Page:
Many critics reckon that “A Woman Called Sada Abe” is greater than Oshima’s version, which was released one year after this film. It isn’t as explicit and erotic as Oshima’s version but has many beautiful sexual and romantic scenes. Noboru Tanaka is other important pink film director and this one is the first film of his Showa Trilogy; two films of this trilogy are also included in this list.
5. Blind Beast (Yasuzo Masumura, 1969)
Yasuzo Masumura is one of the most important directors of Japanese cinema, who has directed many classics and has made some great pink films. “Blind Beast” tells a fascinating story of a blind sculptor who kidnaps a girl to make his masterpiece. He actually sculpts statues of naked women and their genitals, and he thinks he can make his masterpiece through that girl.
His mother fully helps him but a psychological twist of jealousy comes between his mother and that girl when the girl tries to lure him to escape from his trap. Thus, this pink ends up as a sort of an allegory of the relationship between daughter-in-law and mother-in-law.
Apart from that, this film includes sadomasochistic elements. This type of story is found in many pink films but its characters, plot twist, message, and mysterious and strange scenes of nude sculpting have made it unique and beautiful.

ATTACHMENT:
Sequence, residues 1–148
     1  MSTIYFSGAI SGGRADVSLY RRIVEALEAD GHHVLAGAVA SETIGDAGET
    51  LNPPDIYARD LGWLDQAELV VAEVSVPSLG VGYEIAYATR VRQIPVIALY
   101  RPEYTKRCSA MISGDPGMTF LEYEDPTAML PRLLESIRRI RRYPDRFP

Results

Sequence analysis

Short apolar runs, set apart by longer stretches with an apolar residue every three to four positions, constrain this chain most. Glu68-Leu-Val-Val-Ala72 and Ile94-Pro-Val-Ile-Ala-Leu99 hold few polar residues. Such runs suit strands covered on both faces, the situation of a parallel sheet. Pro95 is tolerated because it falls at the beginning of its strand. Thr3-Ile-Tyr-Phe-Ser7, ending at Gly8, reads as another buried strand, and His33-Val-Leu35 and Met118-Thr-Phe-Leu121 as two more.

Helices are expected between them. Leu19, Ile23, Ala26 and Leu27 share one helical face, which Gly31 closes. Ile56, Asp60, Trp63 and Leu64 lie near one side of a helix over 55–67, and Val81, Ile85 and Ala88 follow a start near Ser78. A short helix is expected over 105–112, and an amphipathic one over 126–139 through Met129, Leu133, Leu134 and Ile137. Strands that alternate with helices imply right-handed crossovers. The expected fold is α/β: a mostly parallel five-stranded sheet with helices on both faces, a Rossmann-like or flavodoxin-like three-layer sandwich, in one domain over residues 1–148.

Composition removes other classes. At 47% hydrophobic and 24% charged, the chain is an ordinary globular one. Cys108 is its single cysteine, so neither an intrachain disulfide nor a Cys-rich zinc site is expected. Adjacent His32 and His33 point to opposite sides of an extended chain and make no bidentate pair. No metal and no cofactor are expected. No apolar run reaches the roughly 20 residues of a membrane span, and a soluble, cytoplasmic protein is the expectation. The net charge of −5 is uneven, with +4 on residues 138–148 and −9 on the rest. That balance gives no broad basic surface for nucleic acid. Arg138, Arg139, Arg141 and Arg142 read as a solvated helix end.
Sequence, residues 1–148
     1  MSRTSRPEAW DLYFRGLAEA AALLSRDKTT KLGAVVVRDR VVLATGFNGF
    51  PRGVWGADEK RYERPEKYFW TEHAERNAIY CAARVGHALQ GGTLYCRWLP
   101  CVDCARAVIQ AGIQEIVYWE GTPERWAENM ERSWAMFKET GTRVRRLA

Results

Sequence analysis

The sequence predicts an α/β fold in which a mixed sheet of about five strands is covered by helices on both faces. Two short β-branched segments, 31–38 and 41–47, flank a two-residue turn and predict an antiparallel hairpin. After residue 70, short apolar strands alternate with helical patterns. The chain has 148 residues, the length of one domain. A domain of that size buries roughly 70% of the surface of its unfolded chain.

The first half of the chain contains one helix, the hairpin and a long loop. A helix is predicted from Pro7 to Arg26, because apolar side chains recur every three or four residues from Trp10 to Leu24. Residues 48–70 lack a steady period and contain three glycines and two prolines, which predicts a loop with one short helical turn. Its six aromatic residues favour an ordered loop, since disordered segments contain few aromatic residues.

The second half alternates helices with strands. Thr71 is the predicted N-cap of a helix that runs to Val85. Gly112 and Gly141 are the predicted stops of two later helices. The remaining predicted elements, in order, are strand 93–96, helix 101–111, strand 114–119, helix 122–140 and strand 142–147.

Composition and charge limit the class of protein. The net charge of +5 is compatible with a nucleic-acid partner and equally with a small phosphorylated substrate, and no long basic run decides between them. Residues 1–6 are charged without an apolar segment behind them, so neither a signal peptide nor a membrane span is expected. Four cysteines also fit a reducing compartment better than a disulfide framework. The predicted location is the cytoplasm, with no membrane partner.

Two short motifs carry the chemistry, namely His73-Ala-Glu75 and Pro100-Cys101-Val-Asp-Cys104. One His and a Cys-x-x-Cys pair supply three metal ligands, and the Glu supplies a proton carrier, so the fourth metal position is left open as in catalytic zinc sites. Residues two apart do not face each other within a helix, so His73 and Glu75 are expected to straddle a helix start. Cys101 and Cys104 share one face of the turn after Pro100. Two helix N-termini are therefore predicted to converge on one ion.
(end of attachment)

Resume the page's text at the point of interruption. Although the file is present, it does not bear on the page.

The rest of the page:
6. Wife to be Sacrificed (Masaru Konuma, 1974)
Masaru Konuma is a renowned for primarily Roman Porno films. Seijun Suzuki impressed him when he used to work for Nikkatsu Studio. “Wife to be Sacrificed” is a great film based on sadomasochistic themes.
A wife is kidnapped by her husband, who she had deserted years ago; he takes her to a remote place where he tortures her. That is the whole story, a simple story that shows only the things that are important. Beautiful cinematography, excessive and revolting torture, and a strange story makes this film very interesting. It is possibly the greatest film of Nikkatsu Roman Porno films.
7. Nanami, The Inferno of First Love (Susumu Hani, 1968)
Susumu Hani is renowned for his Japanese New Wave films and “Nanami, The Inferno of First Love” is his best, which is co-scripted by another avant-garde director of Japanese New Wave, Shuji Terayama. This film is also an experimental piece which shows the romantic life of a boy who falls in love with a model. But its story is irrelevant because there are a lot of gimmicks shown in a very absurd and abstract style.